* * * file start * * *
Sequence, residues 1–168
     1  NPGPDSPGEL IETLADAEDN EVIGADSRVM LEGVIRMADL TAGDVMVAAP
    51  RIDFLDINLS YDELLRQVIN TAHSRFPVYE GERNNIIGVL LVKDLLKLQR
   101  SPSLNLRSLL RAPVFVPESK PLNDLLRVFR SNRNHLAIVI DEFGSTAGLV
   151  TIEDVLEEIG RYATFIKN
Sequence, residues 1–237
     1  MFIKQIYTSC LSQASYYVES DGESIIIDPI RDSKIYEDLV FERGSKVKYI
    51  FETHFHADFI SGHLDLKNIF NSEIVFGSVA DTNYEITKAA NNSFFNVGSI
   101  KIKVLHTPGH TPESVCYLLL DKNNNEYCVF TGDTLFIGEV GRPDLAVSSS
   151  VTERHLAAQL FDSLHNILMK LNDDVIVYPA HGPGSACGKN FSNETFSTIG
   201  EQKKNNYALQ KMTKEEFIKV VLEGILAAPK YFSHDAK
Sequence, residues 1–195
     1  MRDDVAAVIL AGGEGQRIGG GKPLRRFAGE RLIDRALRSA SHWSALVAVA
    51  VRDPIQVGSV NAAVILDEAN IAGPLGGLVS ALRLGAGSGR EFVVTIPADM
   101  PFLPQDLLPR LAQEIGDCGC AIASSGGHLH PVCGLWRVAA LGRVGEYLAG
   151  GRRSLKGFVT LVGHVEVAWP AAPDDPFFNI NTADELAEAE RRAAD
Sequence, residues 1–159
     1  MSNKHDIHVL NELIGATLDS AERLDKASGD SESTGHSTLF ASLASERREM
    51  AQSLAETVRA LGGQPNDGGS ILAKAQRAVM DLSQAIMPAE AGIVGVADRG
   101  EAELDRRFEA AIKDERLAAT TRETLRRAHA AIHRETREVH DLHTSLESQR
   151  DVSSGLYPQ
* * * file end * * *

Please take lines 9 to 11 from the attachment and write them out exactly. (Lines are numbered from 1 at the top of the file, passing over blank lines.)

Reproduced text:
   101  KIKVLHTPGH TPESVCYLLL DKNNNEYCVF TGDTLFIGEV GRPDLAVSSS
   151  VTERHLAAQL FDSLHNILMK LNDDVIVYPA HGPGSACGKN FSNETFSTIG
   201  EQKKNNYALQ KMTKEEFIKV VLEGILAAPK YFSHDAK